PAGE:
The co-trustees did not file an answer to the second amended complaint until days prior to trial in which they raised as an affirmative defense that Dorothy consented to the transactions. Their failure to file an answer appears to be an oversight, but the fact that the answer was late should not be charged against the Brundages. Indeed, they could have, but did not, move for a default on the entire matter because of the co-trustees' failure to answer the amended complaint. Instead, they filed a reply in avoidance of the consent, claiming that Dorothy was incapacitated at the time of its execution.
The trial court erred in concluding that the co-trustees' reliance on Dorothy's consent in their answer was nothing more than a denial of the allegations of the complaint. The co-trustees quite clearly relied on Dorothy's consent in proving their case. In reply, the Brundages should have been entitled to attack that consent on the ground of Dorothy's incapacity. It was an abuse of discretion to refuse to permit testimony regarding the capacity of the settlor when the issue had been properly raised in the reply.
When the issue of incapacity was introduced in the pleadings on the eve of trial, the co-trustees were not prepared with witnesses to meet that issue. Nevertheless, they could not affirmatively allege reliance on Dorothy's consent without permitting the Brundages to claim that the consent was void. A better solution to the prejudice to the co-trustees caused by their failure to answer in a timely manner would have been to continue the case.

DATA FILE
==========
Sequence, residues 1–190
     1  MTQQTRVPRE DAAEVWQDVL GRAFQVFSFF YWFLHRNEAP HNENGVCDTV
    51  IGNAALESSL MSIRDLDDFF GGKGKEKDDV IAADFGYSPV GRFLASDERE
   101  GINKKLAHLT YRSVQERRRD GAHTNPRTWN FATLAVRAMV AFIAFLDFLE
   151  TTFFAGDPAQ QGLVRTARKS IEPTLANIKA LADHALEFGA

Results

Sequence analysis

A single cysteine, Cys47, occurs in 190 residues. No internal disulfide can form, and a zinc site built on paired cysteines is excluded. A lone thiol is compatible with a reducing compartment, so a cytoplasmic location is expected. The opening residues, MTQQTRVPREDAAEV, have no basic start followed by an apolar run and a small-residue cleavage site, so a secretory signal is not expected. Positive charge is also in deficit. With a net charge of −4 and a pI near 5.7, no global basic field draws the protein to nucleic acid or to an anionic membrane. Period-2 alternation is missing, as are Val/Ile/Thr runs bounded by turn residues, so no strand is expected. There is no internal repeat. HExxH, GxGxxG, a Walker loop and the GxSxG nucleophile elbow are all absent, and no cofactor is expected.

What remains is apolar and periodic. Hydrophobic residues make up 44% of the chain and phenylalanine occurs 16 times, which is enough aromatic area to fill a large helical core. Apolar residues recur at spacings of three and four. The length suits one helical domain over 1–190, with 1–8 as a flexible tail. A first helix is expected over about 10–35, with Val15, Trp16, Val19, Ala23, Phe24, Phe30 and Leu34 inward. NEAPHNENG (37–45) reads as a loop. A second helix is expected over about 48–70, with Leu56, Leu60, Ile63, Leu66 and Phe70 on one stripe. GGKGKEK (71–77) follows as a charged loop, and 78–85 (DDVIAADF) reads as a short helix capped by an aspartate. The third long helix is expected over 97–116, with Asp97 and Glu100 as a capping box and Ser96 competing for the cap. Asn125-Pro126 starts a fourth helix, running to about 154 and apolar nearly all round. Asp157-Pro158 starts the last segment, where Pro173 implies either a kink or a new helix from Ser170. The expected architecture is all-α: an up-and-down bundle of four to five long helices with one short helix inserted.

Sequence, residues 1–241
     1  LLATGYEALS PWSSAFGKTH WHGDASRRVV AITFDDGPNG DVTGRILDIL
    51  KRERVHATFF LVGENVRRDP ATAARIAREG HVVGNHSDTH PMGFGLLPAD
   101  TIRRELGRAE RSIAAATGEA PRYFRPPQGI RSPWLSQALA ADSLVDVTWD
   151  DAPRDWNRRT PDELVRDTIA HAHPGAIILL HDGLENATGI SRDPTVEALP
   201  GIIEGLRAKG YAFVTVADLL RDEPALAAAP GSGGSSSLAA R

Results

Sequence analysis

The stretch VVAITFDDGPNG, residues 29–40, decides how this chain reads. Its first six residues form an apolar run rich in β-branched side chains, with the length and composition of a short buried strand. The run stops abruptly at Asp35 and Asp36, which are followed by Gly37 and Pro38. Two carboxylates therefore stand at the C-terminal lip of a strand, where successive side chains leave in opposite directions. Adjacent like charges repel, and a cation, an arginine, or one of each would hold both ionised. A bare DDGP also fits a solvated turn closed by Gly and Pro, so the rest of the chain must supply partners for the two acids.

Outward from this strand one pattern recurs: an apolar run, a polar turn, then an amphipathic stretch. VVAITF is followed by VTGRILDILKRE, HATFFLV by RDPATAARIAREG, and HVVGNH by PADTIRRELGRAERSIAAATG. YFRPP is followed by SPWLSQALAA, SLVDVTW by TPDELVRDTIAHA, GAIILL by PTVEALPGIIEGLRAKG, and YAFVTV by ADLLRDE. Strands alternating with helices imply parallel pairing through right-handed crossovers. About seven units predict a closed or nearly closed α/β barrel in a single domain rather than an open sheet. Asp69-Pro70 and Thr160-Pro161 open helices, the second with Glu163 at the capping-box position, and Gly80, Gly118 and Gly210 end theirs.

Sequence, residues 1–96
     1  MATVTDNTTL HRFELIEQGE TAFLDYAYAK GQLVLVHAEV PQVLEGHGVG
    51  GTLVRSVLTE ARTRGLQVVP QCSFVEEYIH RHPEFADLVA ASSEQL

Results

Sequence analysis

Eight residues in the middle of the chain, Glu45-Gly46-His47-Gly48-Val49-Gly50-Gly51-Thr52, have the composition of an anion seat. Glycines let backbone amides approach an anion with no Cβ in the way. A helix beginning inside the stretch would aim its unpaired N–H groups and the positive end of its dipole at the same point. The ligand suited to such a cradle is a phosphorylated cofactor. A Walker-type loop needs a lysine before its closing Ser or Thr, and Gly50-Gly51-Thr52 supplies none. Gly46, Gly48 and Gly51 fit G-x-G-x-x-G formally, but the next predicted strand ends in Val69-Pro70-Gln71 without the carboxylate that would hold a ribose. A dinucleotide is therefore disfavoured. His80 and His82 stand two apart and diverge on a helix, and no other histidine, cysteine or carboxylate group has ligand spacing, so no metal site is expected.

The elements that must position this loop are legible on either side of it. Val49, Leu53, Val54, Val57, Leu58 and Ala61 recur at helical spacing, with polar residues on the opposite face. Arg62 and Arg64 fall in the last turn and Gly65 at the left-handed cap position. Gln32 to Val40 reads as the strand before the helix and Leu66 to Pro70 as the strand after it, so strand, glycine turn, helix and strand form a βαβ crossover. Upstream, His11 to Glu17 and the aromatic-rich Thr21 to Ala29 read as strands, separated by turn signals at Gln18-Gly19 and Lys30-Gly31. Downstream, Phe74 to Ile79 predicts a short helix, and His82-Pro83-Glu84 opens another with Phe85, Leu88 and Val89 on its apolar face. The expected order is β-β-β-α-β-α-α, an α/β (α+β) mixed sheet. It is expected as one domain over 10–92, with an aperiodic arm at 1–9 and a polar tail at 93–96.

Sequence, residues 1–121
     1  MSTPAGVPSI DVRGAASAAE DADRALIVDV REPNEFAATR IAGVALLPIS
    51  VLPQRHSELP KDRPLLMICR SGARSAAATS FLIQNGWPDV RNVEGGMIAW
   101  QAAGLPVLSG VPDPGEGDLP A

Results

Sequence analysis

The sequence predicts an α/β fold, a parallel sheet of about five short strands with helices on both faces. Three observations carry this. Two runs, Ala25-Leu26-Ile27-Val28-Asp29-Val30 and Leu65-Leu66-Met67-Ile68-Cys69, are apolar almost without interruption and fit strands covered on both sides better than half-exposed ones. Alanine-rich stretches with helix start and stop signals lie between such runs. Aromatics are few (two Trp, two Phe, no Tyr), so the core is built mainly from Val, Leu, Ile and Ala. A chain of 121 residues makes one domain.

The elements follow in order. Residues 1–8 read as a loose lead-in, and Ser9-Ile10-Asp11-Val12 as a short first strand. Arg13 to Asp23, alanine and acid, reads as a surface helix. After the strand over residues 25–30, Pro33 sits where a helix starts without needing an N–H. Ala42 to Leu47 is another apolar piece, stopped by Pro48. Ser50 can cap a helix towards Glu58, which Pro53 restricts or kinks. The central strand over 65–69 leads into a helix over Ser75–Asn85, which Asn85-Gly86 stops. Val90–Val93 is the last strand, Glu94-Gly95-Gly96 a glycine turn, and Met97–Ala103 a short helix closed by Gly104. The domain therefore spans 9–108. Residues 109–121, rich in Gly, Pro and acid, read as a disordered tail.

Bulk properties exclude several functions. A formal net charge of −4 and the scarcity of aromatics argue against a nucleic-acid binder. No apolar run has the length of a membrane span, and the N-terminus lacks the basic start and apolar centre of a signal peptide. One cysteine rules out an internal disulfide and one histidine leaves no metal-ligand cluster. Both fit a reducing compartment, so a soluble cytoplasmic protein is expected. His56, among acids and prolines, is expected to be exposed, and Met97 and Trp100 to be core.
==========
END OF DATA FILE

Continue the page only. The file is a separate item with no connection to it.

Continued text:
Because the trial court abused its discretion in refusing to admit evidence of Dorothy's mental capacity to execute the consent, we reverse and remand for a new trial on count two of the complaint.
Affirmed in part, reversed in part, and remanded for proceedings in accordance with this opinion.
1. This is actually an improper use of a motion to conform as the trial had not yet started and no evidence had been presented at the time of the motion. See Fla R. Civ. P. 1.190(b). Thus, the issue had not been tried by implied consent of the parties.
2. Even if we considered her intent, we would have to conclude that the Brundages had not presented evidence to show that Dorothy would have intended for them to receive the additional shares of stock because they would be stacking inference upon inference. They infer that Dorothy did not know about the 1998 stock split and that had she known about it she would have executed an amendment to her trust as she did in 1995 to provide them with the additional shares of stock. However, the initial inference is not the only reasonable inference which can be drawn. Dorothy was trustee of her own trust in 1998 and thus was in charge of all of the assets. Therefore, it is equally reasonable to assume that she did know of the split, because she would have received all notices and statements regarding her stock account. One can rely on an inference upon an inference as proof of a fact only if the first inference is established to the exclusion of all other reasonable inferences. Nielsen v. City of Sarasota, 117 So.2d 731, 733 (Fla.1960).
STONE and DAMOORGIAN, JJ., concur.